Not everyone can create a successful business. Noah Lichtenstein did it just for fun. Noah is a venture capitalist by day and entrepreneur by night. He has managed to create a playful, revenue driving, side hustle; really funky glasses that project shapes when pointed toward light. We had a chance to sit down with him and learn how he has turned his side hustle into a profitable business.
Stay Curious: This is an audio interview, but we transcribed it below. When turning sound to words, we do what we can to make it readable and authentic. Sometimes the two mediums may not always line up, but we figured you’d rather it make sense without all the “ums” and “likes” – Enjoy.
Boye Fajinmi: We’re recording. Hey guys, I have Noah here from HI-LITES, a really innovative company. Let’s begin.
Noah Lichtenstein: Alright.
Boye: Noah, how do we pronounce your last name?
Noah: Alright, it’s Lichtenstein.
Boye: Lichtenstein. Okay. And where’s that from?
Noah: I think it’s German, but an eastern European mutt.
Boye: And where are you from?
Noah: Originally from Oregon.
Boye: Oregon. Nice. What brought you down here to LA?
Noah: Well, I started up on a farm in Oregon, and made my way down to college in the Bay Area. Spent about 15 years there in the tech scene and was looking for a change of pace, so I made my way further down south to LA. Who knows, maybe it’ll be San Diego and then Mexico next. Keep moving down south.
Boye: Nice. So, you made your way down south, and now you’ve got this really cool thing that you’re doing called HI-LITES, but it’s not your original thing, right?
Noah: I’ve been in the tech world for a long time, so I’ve been really passionate about building and investing in tech startups. That’s my background and what I do on a day to day basis, but HI-LITES was a fun idea and a fun project that we came up with and launched about a year ago.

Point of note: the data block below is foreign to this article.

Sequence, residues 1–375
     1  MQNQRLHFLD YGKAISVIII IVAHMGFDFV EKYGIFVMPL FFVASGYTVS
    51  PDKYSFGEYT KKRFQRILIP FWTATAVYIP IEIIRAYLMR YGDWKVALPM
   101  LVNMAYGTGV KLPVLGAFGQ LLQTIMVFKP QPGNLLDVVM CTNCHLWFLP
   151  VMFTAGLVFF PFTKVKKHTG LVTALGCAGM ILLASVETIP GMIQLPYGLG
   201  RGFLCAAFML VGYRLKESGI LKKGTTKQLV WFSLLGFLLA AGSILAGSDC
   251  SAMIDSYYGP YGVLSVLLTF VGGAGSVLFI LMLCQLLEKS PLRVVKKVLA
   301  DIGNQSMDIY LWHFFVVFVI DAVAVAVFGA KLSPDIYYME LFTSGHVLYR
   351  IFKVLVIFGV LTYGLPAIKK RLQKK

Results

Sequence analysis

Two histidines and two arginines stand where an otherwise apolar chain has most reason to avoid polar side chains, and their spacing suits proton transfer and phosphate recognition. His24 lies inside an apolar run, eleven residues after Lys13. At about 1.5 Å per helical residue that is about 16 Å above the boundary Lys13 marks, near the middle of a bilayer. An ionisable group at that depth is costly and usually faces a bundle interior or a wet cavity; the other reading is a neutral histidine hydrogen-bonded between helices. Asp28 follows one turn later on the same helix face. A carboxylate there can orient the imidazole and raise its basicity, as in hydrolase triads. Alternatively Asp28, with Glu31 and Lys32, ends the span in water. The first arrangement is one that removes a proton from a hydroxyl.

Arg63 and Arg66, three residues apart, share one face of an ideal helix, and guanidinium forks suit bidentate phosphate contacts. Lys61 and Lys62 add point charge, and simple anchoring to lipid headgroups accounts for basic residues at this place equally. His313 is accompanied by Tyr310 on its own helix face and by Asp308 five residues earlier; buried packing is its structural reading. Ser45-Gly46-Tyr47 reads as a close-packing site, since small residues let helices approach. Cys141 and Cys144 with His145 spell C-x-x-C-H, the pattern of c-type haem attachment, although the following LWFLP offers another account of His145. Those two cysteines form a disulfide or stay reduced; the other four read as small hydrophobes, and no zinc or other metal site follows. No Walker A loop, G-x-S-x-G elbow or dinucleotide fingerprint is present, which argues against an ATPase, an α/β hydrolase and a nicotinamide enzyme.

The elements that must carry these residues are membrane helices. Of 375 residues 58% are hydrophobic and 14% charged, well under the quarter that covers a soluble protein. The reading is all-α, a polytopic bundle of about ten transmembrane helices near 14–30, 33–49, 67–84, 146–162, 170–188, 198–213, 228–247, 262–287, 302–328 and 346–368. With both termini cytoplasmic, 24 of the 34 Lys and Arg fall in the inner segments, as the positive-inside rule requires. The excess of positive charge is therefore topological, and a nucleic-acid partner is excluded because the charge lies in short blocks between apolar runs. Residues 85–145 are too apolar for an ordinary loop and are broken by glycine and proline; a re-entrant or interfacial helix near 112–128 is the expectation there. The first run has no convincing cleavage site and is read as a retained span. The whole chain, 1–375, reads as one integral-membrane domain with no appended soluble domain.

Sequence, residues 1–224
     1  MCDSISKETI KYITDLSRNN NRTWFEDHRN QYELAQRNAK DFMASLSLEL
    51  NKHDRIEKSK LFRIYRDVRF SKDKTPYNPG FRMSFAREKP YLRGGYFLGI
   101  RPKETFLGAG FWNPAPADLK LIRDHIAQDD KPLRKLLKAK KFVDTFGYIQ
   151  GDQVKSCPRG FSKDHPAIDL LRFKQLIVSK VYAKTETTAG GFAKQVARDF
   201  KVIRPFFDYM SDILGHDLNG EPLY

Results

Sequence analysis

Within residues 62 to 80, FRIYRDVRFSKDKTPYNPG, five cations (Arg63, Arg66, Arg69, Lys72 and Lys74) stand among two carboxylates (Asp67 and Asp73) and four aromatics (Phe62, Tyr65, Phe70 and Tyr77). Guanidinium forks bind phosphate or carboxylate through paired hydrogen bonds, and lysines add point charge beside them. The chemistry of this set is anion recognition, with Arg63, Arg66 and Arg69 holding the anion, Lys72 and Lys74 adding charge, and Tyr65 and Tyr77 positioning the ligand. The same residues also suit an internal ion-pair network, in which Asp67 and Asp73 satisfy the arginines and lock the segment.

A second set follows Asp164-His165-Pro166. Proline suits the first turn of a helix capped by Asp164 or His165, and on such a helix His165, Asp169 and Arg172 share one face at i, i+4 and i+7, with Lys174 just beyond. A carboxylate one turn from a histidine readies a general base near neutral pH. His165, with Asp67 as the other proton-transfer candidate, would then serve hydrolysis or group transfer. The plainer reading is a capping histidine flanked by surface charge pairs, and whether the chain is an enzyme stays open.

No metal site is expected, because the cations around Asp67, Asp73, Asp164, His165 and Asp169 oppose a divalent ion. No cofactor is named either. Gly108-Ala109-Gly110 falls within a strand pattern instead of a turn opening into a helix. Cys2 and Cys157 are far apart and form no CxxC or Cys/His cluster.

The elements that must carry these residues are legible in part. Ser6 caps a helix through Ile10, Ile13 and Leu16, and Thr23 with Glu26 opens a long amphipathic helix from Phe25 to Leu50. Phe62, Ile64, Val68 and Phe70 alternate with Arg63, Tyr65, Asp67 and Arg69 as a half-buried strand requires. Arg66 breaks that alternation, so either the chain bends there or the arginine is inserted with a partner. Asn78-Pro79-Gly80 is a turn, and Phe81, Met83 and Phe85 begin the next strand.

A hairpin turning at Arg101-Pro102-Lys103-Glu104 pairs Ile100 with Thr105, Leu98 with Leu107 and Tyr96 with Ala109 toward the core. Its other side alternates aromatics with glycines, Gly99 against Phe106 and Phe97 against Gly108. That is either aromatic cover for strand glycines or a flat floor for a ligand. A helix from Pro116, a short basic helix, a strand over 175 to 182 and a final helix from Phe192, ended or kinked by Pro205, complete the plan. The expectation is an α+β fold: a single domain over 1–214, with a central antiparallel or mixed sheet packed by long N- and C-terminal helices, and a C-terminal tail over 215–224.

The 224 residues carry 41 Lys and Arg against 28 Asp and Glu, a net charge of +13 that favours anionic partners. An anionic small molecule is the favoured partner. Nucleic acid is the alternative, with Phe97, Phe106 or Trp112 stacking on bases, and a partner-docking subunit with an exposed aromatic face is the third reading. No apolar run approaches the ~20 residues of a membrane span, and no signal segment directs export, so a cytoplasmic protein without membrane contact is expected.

Boye: This is literally your side hustle.
Noah: It is my side hustle. Yes. It’s my creative outlet.
Boye: First of all, what is HI-LITES?
Noah: HI-LITES are special effects glasses that can turn any light, whether it’s a stage light or city light, into a custom shape. So, you can think of it really as very lightweight augmented reality, but without any of the wires, circuits or the cost.
Boye: I think I’ve seen some screenshots and I’ve tried them on. It kind of feels like you’re doing drugs.
Noah: Well, you know, some people…no comment on that. Some people seem to enjoy it.
Boye: Not that I know what drugs feel like or anything like that.
Noah: Some people certainly seem to think it enhances the experience, I would say at a Burning Man… But, no, really, from young kids all the way through to adults, it’s just one of those things that brings joy and happiness to people. It’s so simple that I kind of scratch my head sometimes about how much goes into building deeply technical products. This is just incredibly simple, and it’s really fun seeing people happy and sharing that enjoyment together.
Boye: What gave you the idea to do this?
Noah: I was at a Christmas party about a year and a half ago, and I saw this little kaleidoscope toy, and I started thinking, wouldn’t that be really cool if you could turn that into glasses? You know, with all of the new lights and led displays at concerts, and with the emergence of AR and VR, I started looking into it. We actually didn’t invent this technology. We found that there was a patent for this technology that had been patented by some researchers back east almost 20 years ago. And what we decided to do was say, ‘Hey, the time is now to create something around this cool technology in this new reemergence of AR, VR, Retro is cool again, lights and visual effects at shows. So, why don’t we build a really cool brand around this old technology?’ And so, we secured the patent and went into production.
“Rather than just going out and meeting your friends at a bar and grabbing a drink, you can also come hang out and do cryotherapy along with other things that are health and wellness related”